Reading The Big Book of Science Fiction is causing me to reevaluate my relationship with science fiction. For most of my life I wanted science fiction to be serious speculation about the future. I considered ideas the pinnacle of science fiction’s virtues. But after reading a couple thousand science fiction short stories over the last decade, I realize storytelling is the primary consideration. Insights and ideas are secondary. Anyone can have a cool idea, it’s how they’re presented that determines the success of a story.
“The Doom of Principal City” by Yefim Zozulya reeks of Western Union. It might be an interesting example of an early dystopia, but that’s all it has, academic appeal. The reason why Nineteen Eighty-Four is still read and why its still so damn readable, is because we care about Winston Smith. The next reason we read Nineteen Eighty-Four is the marvelously crafted world building. We don’t have a character to care about in “The Doom of Principal City” and the setting only feels didactic. I’ve come to really dislike satire. Too often satire is buckshot broadsides, whereas beautiful storytelling uses precisely placed bullets. Of course, when I was young, satire was easy to love because it made us feel grown up and superior, but now that I’m old satire feels childish and snooty. “The Doom of Principal City” came across as vague cleverness, but then the writer might have feared political reprisals.
I should give Zozulya credit for the context in which was written, but I can’t. There was a certain level of cleverness in having the city conquered by peaceful means that turn oppressive, but the solution is the same old violence and destruction. I should give Zozulya credit because the story is still topical. Principal City could be Kabul. Think about it. Reread the story. But like I said, real art is about specifics. Its easy to be vaguely clever, but much harder to be vividly detailed.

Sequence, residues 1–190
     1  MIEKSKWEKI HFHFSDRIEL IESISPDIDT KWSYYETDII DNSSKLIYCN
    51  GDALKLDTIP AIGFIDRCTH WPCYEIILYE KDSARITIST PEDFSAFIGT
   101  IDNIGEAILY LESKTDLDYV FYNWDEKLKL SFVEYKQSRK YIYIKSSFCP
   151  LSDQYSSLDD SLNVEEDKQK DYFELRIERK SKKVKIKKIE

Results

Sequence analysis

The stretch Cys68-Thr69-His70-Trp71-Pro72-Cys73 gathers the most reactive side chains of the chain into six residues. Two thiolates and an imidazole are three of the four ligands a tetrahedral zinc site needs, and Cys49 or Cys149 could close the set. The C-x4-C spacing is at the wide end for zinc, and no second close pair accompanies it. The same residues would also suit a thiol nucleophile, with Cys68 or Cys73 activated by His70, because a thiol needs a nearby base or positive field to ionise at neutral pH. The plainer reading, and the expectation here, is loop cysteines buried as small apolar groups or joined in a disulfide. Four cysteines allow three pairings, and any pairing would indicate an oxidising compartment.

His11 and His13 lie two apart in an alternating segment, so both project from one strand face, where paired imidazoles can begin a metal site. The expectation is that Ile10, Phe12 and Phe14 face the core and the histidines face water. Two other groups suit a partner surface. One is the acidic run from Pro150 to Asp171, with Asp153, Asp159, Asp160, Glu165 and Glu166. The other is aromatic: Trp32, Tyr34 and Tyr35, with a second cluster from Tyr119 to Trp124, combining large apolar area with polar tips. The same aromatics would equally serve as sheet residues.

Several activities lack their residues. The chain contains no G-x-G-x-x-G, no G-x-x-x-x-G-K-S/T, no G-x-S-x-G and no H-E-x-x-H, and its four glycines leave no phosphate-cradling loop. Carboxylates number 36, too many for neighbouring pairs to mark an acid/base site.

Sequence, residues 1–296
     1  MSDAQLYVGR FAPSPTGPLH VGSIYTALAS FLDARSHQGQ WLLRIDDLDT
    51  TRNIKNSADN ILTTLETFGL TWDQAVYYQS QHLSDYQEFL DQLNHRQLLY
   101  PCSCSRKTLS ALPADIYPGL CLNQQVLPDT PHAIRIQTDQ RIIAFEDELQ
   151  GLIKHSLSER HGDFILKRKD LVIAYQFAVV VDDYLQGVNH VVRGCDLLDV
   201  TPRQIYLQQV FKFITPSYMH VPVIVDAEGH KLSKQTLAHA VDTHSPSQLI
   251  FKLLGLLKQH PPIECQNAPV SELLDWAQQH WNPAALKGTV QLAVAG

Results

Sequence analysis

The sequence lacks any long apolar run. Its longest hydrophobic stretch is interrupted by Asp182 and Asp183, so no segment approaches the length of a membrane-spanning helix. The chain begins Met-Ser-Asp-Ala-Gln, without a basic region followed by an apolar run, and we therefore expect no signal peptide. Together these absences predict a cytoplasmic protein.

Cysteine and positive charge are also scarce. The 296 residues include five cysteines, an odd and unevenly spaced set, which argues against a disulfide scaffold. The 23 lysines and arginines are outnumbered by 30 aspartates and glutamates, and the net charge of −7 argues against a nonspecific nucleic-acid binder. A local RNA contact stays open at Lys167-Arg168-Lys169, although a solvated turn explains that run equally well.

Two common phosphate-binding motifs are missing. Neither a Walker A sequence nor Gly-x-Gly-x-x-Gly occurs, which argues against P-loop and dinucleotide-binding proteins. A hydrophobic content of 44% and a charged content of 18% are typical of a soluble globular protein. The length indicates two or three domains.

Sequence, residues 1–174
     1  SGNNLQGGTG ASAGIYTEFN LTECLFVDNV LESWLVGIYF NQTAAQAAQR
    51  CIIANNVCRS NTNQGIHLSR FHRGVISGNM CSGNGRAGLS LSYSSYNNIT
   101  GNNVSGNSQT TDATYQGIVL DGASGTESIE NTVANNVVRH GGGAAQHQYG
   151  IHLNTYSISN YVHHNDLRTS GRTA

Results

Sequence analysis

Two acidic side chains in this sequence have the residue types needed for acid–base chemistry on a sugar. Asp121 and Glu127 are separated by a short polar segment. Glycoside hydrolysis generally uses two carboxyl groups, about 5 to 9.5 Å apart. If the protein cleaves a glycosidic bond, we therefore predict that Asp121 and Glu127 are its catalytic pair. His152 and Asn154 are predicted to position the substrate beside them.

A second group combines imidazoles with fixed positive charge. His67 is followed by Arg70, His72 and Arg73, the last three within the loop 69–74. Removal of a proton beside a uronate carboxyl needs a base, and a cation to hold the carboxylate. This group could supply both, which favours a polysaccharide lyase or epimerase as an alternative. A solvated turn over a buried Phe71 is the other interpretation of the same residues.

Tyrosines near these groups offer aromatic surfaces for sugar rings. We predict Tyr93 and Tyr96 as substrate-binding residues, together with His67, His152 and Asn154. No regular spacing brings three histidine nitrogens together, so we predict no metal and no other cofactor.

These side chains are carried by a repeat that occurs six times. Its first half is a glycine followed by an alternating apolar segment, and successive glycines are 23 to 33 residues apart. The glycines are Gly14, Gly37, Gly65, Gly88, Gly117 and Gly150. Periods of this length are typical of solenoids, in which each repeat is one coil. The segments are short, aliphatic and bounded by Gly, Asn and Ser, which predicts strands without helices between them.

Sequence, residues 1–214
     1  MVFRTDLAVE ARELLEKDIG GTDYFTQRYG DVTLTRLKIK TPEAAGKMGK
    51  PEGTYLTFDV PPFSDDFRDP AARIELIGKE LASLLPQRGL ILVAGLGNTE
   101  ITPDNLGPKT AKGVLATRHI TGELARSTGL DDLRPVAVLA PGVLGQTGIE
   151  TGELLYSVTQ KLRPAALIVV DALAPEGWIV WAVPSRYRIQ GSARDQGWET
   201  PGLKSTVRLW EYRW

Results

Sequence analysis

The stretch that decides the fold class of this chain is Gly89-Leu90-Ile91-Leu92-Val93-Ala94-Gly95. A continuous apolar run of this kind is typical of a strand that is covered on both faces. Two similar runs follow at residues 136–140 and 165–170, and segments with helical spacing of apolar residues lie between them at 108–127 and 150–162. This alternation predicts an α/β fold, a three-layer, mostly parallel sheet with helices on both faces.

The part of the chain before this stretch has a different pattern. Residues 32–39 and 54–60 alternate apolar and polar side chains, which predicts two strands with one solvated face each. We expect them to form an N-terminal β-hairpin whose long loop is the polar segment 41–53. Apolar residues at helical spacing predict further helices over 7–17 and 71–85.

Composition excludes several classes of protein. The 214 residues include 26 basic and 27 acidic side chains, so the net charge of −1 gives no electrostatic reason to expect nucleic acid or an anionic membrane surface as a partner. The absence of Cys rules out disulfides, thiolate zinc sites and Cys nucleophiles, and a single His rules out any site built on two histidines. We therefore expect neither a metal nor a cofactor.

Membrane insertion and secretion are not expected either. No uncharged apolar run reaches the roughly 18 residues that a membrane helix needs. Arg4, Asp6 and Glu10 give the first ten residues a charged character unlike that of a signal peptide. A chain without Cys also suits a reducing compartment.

Which gets me back to my new realization of what I love about science fiction. Storytelling is becoming everything. Science fiction only grabs me now with how the story is told. It can be simplistic or sophisticated, but its got to suck me in. Philosophical fiction, satire, social protest, experimental fiction just doesn’t dance anymore. I can admire writers for what they’re trying to do intellectually, but not as science fiction that moves me emotionally.
And I think this is due to aging. When I was young, I was easily amused, and easily impressed. “The Doom of Principal City” might have struct me as clever, or meaningful. Now, not so much. And partly that’s due to its narrative style. It feels like a parable, or allegory, rather than modern fiction. It’s setup reminds me of “The Illustrated Biography of Lord Grimm” by Daryl Gregory about a small country under attack by a powerful country with a superhero military force. I’m not fond of superhero stories, but Gregory’s storytelling was vivid and rich. That’s what’s missing from “The Doom of Principal City.” I have to wonder if writers back in 1910s didn’t have such abilities, or we’re just getting the weak examples of what they could do. I don’t think its the translation. “The Dead” by James Joyce was from that decade, so we do know what’s possible, although it might be fairer to use Arthur Conan Doyle or Edgar Rice Burroughs to compare, since they were genre writers.
I worry that the poor storytelling examples we’ve had at the beginning of The Big Book of Science Fiction is because the genre lacked for better ones. Or, are the VanderMeers more impressed with ideas?
“Two Truths and a Lie” by Sarah Pinsker is a recent example of what I consider captivating storytelling. It does have plenty of sparkly ideas, but what really sparkles is how they’re presented.
James Wallace Harris, 9/1/21